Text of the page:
I wanted to live the week with him, simply because that's when the cameras stop rolling.

Gelf Magazine: NFL Unplugged is full of anecdotes that made my stomach churn. Did you know, when you began reporting, how trying the life of an NFL player is? Everyone understands that an NFL field is a rough-and-tumble place, but I'm sure many readers of your book are surprised to see just exactly how rough it can be. Were you?

Anthony Gargano: I covered football as a sportswriter in Chicago, New York, and Philadelphia, so I had a passing knowledge of the game's brutality. But somehow I didn't see it. I didn't fully comprehend it until I listened to the players. I interviewed close to 100 players for the book. One of the guys tried to estimate how many times he would be stuck with a needle during the course of a season. He had no idea, he said.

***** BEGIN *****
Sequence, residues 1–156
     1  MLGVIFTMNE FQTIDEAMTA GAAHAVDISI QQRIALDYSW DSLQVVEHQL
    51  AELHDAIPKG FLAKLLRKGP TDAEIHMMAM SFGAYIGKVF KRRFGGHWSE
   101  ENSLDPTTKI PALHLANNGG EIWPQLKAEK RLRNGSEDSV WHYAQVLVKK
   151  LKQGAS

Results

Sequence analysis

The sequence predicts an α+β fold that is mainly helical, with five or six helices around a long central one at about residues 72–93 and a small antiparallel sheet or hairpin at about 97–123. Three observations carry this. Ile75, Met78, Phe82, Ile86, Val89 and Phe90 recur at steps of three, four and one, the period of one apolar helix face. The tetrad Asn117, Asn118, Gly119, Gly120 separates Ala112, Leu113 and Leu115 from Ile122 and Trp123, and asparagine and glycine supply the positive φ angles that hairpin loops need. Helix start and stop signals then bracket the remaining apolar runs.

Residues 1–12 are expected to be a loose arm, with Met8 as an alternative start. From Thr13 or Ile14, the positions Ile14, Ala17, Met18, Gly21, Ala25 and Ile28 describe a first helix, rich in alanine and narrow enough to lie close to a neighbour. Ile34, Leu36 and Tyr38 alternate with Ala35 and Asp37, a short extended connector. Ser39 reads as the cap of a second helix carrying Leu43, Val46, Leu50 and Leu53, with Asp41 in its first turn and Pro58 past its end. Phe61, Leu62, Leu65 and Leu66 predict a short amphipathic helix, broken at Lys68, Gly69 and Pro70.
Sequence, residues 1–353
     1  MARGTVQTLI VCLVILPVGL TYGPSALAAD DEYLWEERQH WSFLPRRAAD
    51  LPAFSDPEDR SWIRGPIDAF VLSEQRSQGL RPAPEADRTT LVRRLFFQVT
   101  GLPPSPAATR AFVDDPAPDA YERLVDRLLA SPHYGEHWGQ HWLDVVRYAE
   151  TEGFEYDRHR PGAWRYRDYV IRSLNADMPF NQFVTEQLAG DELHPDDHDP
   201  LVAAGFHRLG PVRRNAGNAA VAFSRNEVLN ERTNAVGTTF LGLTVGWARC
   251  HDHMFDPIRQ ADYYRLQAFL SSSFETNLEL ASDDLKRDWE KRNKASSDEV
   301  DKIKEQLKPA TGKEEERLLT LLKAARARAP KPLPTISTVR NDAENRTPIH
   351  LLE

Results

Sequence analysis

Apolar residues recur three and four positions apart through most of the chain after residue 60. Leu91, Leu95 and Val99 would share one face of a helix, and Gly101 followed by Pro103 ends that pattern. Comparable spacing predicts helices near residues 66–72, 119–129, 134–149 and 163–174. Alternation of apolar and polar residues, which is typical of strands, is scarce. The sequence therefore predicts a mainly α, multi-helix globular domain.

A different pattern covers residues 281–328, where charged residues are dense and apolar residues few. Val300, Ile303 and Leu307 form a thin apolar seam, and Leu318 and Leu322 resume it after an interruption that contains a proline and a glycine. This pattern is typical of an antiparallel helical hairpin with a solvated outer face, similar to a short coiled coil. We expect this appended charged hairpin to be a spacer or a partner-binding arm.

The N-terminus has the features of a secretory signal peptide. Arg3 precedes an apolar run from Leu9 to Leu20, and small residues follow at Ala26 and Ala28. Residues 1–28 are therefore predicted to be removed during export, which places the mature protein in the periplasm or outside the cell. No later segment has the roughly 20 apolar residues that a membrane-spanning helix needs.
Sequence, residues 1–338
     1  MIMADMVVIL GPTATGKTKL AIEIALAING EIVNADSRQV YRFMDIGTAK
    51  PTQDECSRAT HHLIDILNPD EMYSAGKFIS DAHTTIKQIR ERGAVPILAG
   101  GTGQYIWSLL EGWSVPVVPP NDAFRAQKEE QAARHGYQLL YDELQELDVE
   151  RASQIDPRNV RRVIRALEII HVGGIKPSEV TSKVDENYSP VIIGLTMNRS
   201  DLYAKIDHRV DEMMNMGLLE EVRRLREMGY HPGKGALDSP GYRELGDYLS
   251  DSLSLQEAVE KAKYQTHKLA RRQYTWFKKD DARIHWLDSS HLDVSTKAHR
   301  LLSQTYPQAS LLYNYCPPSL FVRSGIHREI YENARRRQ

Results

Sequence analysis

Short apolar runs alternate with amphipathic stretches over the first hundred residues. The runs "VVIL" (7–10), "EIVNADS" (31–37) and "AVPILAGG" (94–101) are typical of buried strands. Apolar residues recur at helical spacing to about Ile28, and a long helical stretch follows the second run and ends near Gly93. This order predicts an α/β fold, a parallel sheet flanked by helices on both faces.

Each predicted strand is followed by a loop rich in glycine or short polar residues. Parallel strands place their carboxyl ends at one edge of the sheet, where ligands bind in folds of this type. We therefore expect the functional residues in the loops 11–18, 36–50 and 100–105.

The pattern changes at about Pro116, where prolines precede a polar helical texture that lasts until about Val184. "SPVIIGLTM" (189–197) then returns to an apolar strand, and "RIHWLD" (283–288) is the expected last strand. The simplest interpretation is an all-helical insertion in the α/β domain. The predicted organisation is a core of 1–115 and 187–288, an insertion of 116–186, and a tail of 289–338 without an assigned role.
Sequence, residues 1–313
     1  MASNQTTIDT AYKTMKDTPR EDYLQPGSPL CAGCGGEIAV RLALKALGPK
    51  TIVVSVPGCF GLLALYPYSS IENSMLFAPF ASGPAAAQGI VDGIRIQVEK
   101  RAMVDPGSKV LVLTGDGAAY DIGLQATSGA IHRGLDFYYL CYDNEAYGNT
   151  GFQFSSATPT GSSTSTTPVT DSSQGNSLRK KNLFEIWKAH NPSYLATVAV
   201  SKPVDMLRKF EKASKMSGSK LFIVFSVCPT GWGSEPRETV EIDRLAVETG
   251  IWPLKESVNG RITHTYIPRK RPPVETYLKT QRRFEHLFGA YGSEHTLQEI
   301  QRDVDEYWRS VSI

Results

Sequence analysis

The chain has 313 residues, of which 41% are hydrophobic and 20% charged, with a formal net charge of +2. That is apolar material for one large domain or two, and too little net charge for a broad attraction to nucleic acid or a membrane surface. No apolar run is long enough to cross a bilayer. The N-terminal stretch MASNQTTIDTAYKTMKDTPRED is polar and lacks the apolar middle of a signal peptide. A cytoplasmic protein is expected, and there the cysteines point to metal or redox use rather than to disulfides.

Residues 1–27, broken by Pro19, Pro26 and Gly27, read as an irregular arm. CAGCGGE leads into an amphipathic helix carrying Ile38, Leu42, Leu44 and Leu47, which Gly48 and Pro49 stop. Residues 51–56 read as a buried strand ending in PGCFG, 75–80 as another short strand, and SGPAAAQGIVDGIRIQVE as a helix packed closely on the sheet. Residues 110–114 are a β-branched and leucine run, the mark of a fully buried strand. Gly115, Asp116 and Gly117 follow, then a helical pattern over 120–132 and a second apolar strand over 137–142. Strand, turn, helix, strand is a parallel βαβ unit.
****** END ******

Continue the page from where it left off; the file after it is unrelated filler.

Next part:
As a sportswriter, I used to write about injury updates and not even think about how that injury affects their life, let alone what it feels like everyday. I wrote about guys getting surgery like they were going to the filling station. For the book, a player told me that he had surgery on both shoulders done at the same time, so his mother had to wipe him after he used the bathroom. It happened again later in his career, and his wife had to do it that time.

Gelf Magazine: Is there a particular story in the book that really shocked you, even after having heard so many graphic stories?

Anthony Gargano: I never knew that many players on the field stuff a towel down their pants and pee, or just pee in their pants—that they view it as no big deal. "What?" they say. "Because we're hydrating so much, it's just water."

Gelf Magazine: You appear to have spoken with countless football players. Tell me a bit about the reporting process. How long did it take you? Did you approach the interviews differently than when you're speaking with players for Fanhouse or 610 WIP? Was it a challenge to get players to open up about this kind of information?